This documentary looks at the art of traditional Samoan tattooing, or pe'a, based around interviews with nine men who have the tattoos (which cover the lower back and upper legs). The film goes to Samoa to discover the history of tatau, and also interviews New Zealand-based Samoans with pe'a. They talk about the cultural significance of the tattooing, what it means to them, and about dealing with the pain of the long tattooing process, as well as the recovery period afterwards. The documentary screened at the 2002 NZ International Film Festival.
This first episode of the popular TVNZ Pasifika youth show is presented by brothers Nainz and Viiz Tupai (aka Adeaze), who are heading back to Samoa to play a post-Tsunami fundraising gig in the village of Lalomanu. Elsewhere, Vela Manusaute hosts Brown’n’around and is MC at Manukau PI festival Strictly Brown, before teaming up with Bella Kololo and Jermaine Leef to judge Fresh talent. Actor Jason Wu gets ready for the premiere of movie Matariki; the Samoan myth of Sina and the eel gets fresh retelling; and Bill Urale (aka King Kapisi) talks tatau.
This June 2013 edition of the TVNZ Pasifika youth show is presented by actor Robbie Magasiva from his base in Melbourne, where he has a role in Australian prison drama Wentworth. Elsewhere the Poly-plethora includes a visit by Pani (Goretti Chadwick) to Armageddon Expo in Hamilton to meet Game of Thrones actor Jason Momoa. Pani makes the hard man with Hawaiian heritage blush, and gets the lowdown on his mako tatau. Niuean artist Kenneth Green also talks about his tattoo; Tiger and Raa visit the school principal; and reggae band Brownhill close with ‘First Love’.
This 1982 Lookout documentary charts Samoan novelist and poet Albert Wendt’s personal view of Samoans in Auckland. Set mainly in what was then predominantly Samoan Grey Lynn, Wendt looks at how New Zealand-born Samoans maintain the traditions of their homeland. He also examines the close ties between those in New Zealand and the wider ainga, or extended family, back home. The church’s role in the community is highlighted, along with sports. Wendt also addresses what he sees as the double edged sword of remittance: sending money back to islands.
In each episode of this long-running TVNZ show, a well-known Kiwi takes the pulse of a neighbourhood they are connected to. In this opening episode, musician King Kapisi (aka Bill Urale) guides viewers around Newtown, the cosmopolitan Wellington 'hood where he was born. He revisits his childhood, meets a Greek easter egg maker, a muslim ritual cleanser, African music advocate Sam 'Mr Newtown' Manzana, and a Mexican making skateboard art. The NZ Herald’s Paul Casserly raved: "This is beautifully shot, feel-good TV, reminiscent of the superb Living Room series."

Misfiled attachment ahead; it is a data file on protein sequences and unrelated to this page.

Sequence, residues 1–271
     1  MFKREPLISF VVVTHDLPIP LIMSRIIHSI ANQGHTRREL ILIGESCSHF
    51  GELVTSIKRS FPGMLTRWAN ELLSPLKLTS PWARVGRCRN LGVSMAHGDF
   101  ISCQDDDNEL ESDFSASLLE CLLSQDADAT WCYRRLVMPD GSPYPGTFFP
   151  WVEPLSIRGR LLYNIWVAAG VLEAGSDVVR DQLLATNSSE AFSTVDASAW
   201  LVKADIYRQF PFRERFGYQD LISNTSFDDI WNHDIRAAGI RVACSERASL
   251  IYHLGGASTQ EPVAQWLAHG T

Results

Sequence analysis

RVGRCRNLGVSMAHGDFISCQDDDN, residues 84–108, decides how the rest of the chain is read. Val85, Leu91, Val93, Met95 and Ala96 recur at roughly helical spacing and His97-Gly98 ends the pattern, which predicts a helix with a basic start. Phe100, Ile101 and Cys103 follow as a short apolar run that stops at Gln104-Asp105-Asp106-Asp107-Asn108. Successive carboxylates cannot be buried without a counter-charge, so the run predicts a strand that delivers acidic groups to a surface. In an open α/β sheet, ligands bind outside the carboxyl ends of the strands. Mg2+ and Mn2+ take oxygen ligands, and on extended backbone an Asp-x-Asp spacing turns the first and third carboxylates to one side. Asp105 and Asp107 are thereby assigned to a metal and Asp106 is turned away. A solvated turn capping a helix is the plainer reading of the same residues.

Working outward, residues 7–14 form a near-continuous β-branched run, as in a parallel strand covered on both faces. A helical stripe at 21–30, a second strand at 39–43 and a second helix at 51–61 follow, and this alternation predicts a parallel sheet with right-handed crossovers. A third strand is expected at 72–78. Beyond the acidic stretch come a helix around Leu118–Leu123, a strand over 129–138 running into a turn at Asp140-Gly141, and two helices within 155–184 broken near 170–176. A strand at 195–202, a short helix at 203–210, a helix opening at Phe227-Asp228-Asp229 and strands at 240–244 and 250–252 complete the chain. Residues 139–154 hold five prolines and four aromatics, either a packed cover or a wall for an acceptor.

Tattoo artist Jake Sawyer (Jason Behr, American star of Roswell) travels the world looking for ethnic designs to exploit for his art. At a tattoo expo in Singapore, he is introduced to the traditional Samoan tattoo, and falls for Sina (No. 2's Mia Blake) the beautiful cousin of tattooist Alipati. When Jake recklessly steals a Samoan tattooing tool, he unwittingly unleashes a powerful spirit that endangers everyone he touches. This inaugural Kiwi-Singaporean co-production was directed by Peter Burger and produced by Robin Scholes (Once Were Warriors).
“When I kiss your lips I don’t feel alone no more…”. Vince Harder’s tribute to that very special person marked the second single on the X Factor finalists’ 2011 album The Space Between. The R&B ballad features Harder's Illegal Musik label-mate K. One. Prolific promo director Ivan Slavov (Katchafire, P Money, Deep Obsession) directs the romance (loving looks, fireside snogs). The object of Vince’s affection is played by Shushila Takao (Filthy Rich, Rarotongan-set BBC series Tatau).
In a career spanning four decades, director and producer Colin McRae has worked in news and current affairs, made documentaries and spent time as TV3’s Head of Sport. He conceived and produced The New Zealand Wars which won Best Documentary Series at the 2006 Qantas Media Awards. An association with Māori TV has seen him produce Native Affairs for six years, and play a leading role in its Anzac Day and election coverage.
Helen Clark once described Derek Fox as the pre-eminent Māori broadcaster of his generation. He is a journalist and publisher whose work in Māori media spans print, radio and television. Fox's name is synonymous with TVNZ's daily Māori news programme Te Karere; Marae, which he fronted for many years; and Māori Television, which he was instrumental in setting up.
Part of a well-known Kiwi arts family, Josh Frizzell’s screen apprenticeship involved props and design; one early gig saw him delivering prop machine guns up the Shotover River by helicopter. He went on to direct a run of 90s music videos, including award-winners for Emma Paki (System Virtue) and Shihad (Stations). Frizzell has helmed episodes of Go Girls, The Brokenwood Mysteries and the Cook Islands set Tatau. His extensive resume of advertising work includes multiple inflight safety campaigns for Air New Zealand, and a break-in at the Tui Brewery. He is one of the owners of Trans-Tasman commercials company Eight.